Good Bug, Bad Bug

— Written By N.C. Cooperative Extension

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Written by: Charlotte Glen, Horticulture Agent

There are all kinds of insects in this world. Some of them eat plants, others feed on nectar, a few feed on blood, and then there are the bugs that eat each other. Officially known as beneficial insects, these good bugs help keep plant damaging insects under control naturally. They are definitely something you want in your garden. Luckily, creating a yard that beneficial insects will want to call home is simple and inexpensive.

 

Meet the Good Guys
There are dozens of different beneficial insects roaming the yards and gardens of eastern North Carolina. Some are predators who hunt down bad bugs and devour them on the spot. This group includes insects like the well known ladybug, bee look-alikes known as syrphid flies, delicate appearing lacewings, the aptly named assassin bug, and even wasps. Some of these good insects feed most voraciously on pests when they are young and less easily recognized so it is important to be familiar with what these good guys look like as juveniles as well as adults to avoid accidentally killing them. While not insects, other good guys you will find in your garden that help with pest control include spiders, lizards, frogs, toads, and birds. Many of the things you do to attract beneficial insects will also attract these garden helpers.

Another group of beneficial insects have a more stealthy way of attacking bad bugs. They lay their eggs inside the bad guys and devour them from within. These are the parasites. Many of them are extremely small and rarely seen, though you may run across their handiwork. One the most frequently encountered is the tiny, non-stinging braconid wasp, whose white, cigar shaped cocoons are sometimes found attached to caterpillars. If you find a caterpillar covered with these cocoons, leave it in place to allow the wasps to hatch and seek new prey.

 

Attracting Beneficials
One of the most important things you can do to attract beneficial insects to your yard is to grow a variety of different plants, including trees and shrubs, and especially flowers. Many beneficial insects feed on nectar and pollen in addition to bad insects, so include several types of flowers in your yard and try to have something in bloom from spring through fall. Plants that have many small flowers clustered together or daisy type blossoms are especially attractive to beneficials. These include annuals like marigolds, cosmos, sunflowers, gomphrena, and zinnias, all which are easy to grow from seed and can be planted now.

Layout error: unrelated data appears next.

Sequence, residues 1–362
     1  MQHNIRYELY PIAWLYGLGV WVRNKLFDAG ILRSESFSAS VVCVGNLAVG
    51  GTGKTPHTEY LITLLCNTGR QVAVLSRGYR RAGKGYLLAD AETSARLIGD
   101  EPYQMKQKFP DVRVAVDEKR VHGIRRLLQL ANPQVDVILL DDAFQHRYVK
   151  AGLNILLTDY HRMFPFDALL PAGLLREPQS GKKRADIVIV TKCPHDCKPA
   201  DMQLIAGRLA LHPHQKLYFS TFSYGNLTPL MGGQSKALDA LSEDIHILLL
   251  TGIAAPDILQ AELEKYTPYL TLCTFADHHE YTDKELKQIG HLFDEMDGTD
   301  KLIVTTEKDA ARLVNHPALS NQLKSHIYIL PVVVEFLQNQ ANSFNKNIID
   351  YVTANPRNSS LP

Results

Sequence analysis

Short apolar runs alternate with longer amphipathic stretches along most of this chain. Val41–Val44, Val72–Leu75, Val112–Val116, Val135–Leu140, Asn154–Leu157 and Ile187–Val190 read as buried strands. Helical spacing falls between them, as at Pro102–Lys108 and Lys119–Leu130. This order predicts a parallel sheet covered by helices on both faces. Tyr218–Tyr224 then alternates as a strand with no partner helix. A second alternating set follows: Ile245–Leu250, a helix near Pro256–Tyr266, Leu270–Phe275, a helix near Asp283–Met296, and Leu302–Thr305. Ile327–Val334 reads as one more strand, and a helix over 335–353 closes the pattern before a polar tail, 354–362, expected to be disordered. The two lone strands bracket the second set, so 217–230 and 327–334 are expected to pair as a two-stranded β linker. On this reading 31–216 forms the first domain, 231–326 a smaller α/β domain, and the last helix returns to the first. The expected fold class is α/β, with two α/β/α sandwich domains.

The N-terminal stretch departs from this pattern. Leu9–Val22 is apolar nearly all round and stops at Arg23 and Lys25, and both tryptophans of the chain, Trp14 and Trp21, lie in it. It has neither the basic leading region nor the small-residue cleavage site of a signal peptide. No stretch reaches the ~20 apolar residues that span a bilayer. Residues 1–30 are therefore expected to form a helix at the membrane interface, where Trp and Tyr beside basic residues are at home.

The flowers of many herbs make great beneficial bait. If you have basil, parsley, cilantro, or dill growing in your garden allow them to go to flower to lure beneficials to your yard. The blossoms of perennial herbs are also highly attractive to beneficials. These include chives, thyme, oregano, and especially fennel. Perennials that beneficials find irresistible include purple coneflower, sedum, yarrow, joe pye weed, goldenrod, asters, butterflyweed, ironweed, agastache, rudbeckia, and coreopsis. Plant groups of these flowers in your landscape and vegetable garden to lure beneficials into your yard.

 

Pesticides and Beneficials
Beneficial insects are easily killed by insecticides and usually take longer to recover from being sprayed than pest insects. Avoid spraying pests when they first appear to give beneficials time to move in and do their job. When you do need to spray use an organic product like neem, spinosad, B.t., horticultural oil, or insecticidal soap since these products break down quickly and are less damaging to beneficials. Keep in mind that in order to maintain a healthy population of beneficial insects there will always need to be a low level of pest species present for them to feed upon and that controlling pests naturally aims to maintain a balance of good and bad species, rather than eradication of pests.  

 

Learn More!
Learn more about cultivating a beneficial friendly yard and other methods of natural pest control at a free class taught by Pender Horticulture Agent, Charlotte Glen, Thursday, May 26, 10 a.m. to noon, at the Surf City Community Center. Registration required. To sign up or find out more, call Pender Cooperative Extension at 910-259-1235.

Learn about and see images of many types of beneficial insects from these great links:

If you have questions about controlling pests, growing vegetables, or caring for your yard, contact your local Cooperative Extension office. In Pender County call 259-1235, visit our office at 801 S. Walker Street in Burgaw (office hours: Mon – Fri, 8 a.m. – 5 p.m.), or post your questions online using our ‘Ask an Expert’ widget available at http://pender.ces.ncsu.edu.  Visit the Pender Gardener Blog to stay up to date on the latest gardening news, http://pendergardener.blogspot.com/.